15. THE FORTUNE (1975)
Nichols should’ve struck it rich with “The Fortune,” a comedy pairing the biggest superstars (and Lotharios) of the 1970s, Jack Nicholson and Warren Beatty. Yet this fortune turns out to be made up almost entirely of fool’s gold, despite some genuinely energetic performances. Nicholson and Beatty play two bumbling 1920s grifters who hatch a scheme to swindle a ditzy heiress (Stockard Channing in her film debut) by having her marry one and sleep with the other.
14. BILOXI BLUES (1988)
Before starting his big screen career, Nichols drew great acclaim as a Broadway director thanks in large part to his collaborations with Neil Simon, including “Barefoot in the Park” and “The Odd Couple.” So it’s surprising that he only brought one of the playwright’s many works to the screen: the quasi-autobiographical comedy “Biloxi Blues.” Matthew Broderick stars as the Simon surrogate, Eugene Morris Jerome, a young Jewish Brooklynite drafted into bootcamp in Biloxi, Mississippi, during WWII. Christopher Walken is best in show as the psychotic drill instructor.
13. CHARLIE WILSON’S WAR (2007)
Though he remained active in the theater until his death in 2014, this true-life comedic drama would be the last film Nichols ever directed (he was in development on several projects after its release, none of which ever came to fruition). “Charlie Wilson’s War” centers on a flamboyant Texas congressman (Tom Hanks) more interested in chasing skirts than passing legislation. He teams up with a hot-headed, blue collar CIA operative (Supporting Actor nominee Philip Seymour Hoffman) to assist the Afghan mujahideen in their fight against the Soviets.
12. WOLF (1994)
“Wolf” is a horror movie that tries gallantly to exceed its genre expectations, and at times it comes close to succeeding. Jack Nicholson plays a meek New York book editor who loses his job to a ruthlessly ambitious protégé (James Spader) with the arrival of a new boss (Christopher Plummer). He suddenly gets a testosterone boost after a wolf bites him, peeing on Spader’s shoes and romancing Plummer’s daughter (Michelle Pfeiffer).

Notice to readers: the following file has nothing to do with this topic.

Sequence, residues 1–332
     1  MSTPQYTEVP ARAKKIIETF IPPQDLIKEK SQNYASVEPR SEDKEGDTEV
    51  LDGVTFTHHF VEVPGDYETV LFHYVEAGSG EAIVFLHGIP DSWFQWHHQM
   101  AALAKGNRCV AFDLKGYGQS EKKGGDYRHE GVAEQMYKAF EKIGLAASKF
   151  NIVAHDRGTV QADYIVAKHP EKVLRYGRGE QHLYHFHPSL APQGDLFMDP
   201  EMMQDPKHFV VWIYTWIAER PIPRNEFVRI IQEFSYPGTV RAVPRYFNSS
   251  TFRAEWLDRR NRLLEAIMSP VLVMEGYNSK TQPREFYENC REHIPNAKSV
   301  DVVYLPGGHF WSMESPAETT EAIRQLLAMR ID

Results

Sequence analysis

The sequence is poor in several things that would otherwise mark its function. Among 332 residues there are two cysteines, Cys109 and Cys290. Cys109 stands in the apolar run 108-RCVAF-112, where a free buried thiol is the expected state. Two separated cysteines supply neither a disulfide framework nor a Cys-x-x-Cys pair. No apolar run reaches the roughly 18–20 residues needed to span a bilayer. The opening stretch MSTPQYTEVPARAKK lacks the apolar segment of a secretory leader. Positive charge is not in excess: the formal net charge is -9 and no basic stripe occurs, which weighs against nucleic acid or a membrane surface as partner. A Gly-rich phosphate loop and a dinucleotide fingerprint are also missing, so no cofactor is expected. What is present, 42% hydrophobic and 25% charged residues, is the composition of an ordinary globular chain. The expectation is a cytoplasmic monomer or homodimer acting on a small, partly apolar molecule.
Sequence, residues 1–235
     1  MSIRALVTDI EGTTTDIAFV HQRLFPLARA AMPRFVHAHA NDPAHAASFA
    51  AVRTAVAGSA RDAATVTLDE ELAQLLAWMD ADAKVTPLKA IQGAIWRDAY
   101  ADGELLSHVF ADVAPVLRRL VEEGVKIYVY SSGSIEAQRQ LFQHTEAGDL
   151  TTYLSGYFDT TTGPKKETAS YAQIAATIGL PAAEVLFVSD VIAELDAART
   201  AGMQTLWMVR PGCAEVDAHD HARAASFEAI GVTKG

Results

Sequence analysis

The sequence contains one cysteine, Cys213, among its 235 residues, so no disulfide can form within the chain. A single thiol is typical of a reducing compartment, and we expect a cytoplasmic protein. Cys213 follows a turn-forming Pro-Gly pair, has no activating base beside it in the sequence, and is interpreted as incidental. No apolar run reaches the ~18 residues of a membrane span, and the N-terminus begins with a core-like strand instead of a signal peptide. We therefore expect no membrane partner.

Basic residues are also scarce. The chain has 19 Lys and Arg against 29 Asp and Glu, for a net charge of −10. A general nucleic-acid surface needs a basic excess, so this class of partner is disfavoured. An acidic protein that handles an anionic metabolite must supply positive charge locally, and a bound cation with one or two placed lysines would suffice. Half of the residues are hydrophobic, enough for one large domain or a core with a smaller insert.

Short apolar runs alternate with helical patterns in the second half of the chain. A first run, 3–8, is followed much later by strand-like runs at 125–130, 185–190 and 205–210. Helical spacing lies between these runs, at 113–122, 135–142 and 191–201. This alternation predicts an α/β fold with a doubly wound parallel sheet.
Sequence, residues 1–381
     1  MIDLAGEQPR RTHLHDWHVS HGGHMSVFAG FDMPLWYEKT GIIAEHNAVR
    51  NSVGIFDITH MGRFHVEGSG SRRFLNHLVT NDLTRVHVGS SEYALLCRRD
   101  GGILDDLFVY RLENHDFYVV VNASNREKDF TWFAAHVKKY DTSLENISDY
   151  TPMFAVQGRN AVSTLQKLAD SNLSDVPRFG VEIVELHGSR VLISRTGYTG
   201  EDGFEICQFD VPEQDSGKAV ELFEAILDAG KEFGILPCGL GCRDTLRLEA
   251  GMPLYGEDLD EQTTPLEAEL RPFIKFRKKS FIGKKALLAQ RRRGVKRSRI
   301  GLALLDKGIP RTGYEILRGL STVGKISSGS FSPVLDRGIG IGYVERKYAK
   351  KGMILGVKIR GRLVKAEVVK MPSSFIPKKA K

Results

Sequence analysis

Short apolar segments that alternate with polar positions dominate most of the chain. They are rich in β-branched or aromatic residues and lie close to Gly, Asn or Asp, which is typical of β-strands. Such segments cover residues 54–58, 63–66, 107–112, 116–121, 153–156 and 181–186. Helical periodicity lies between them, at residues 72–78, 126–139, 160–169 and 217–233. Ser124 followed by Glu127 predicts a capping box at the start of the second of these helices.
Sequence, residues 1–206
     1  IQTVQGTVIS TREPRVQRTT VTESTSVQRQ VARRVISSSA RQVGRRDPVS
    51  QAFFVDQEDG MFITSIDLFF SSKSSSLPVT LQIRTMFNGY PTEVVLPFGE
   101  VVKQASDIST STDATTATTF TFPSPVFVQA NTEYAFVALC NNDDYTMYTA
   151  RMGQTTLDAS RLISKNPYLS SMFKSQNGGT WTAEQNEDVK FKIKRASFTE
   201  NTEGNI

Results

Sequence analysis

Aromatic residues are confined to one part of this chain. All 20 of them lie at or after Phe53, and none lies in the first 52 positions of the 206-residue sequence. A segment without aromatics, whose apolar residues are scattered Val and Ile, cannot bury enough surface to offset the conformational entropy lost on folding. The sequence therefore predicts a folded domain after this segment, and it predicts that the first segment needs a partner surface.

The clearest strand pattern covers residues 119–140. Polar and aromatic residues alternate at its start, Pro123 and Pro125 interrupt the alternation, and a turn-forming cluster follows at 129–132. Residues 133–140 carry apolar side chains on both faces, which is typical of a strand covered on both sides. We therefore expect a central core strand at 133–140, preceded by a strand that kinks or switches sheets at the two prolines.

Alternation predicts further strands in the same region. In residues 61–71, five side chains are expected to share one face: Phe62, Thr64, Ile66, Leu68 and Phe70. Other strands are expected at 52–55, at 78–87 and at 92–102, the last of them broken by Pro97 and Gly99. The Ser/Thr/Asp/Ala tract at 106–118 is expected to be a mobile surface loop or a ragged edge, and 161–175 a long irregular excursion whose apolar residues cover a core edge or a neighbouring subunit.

11. CATCH-22 (1970)
This big-budget adaptation of Joseph Heller’s WWII satire had the misfortune of opening the same year as Robert Altman’s “M*A*S*H,” a ribald antiwar comedy that made everything else look toothless by comparison. That aside, Nichols’ film fails to fully capture the surreal eccentricity of this story about a pilot (Alan Arkin) desperately trying to be certified insane so he can stop flying missions, and that was perhaps inevitable: after all, there’s only so much you can do translating Heller’s nonlinear, third-person omniscient narrative to the screen.
10. HEARTBURN (1986)
“Heartburn” was treated like a bad case of acid-reflux upon its initial release, despite the hefty pedigree of Nichols directing a Nora Ephron script starring Meryl Streep and Jack Nicholson. Adapted from Ephron’s autobiographical novel about her divorce from Watergate journalist Carl Bernstein, the film casts Streep as a prominent food writer and Nicholson as her womanizing husband, who begins an affair soon after she becomes pregnant.
9. CLOSER (2004)
Nichols spent most of his career examining the battle of the sexes, from his first film, “Who’s Afraid of Virginia Woolf?,” to one of his last, “Closer.” This adaptation of Patrick Marber’s award-winning play centers on two couples — Dan (Jude Law) and Alice (Natalie Portman); Anna (Julia Roberts) and Larry (Clive Owen) — whose relationships become complicated as they meet each other by chance throughout the years. The actors tear into Marber’s acerbic dialogue with Shakespearean relish, creating selfish, narcissistic characters you love to hate because of who closely they resemble ourselves.
8. POSTCARDS FROM THE EDGE (1990)
“Postcards from the Edge” has taken on a tragic significance following the untimely death of Carrie Fisher in 2016. The actress adapted her own semi-autobiographical novel about a drug-addicted actress (Meryl Streep in one of her many Oscar-nominated performances) clashing with her alcoholic mom (Shirley MacLaine), herself a vainglorious movie star. There are obvious parallels to draw between this fictional familial dynamic and Fisher’s own relationship with her mother, Debbie Reynolds.
7. THE BIRDCAGE (1996)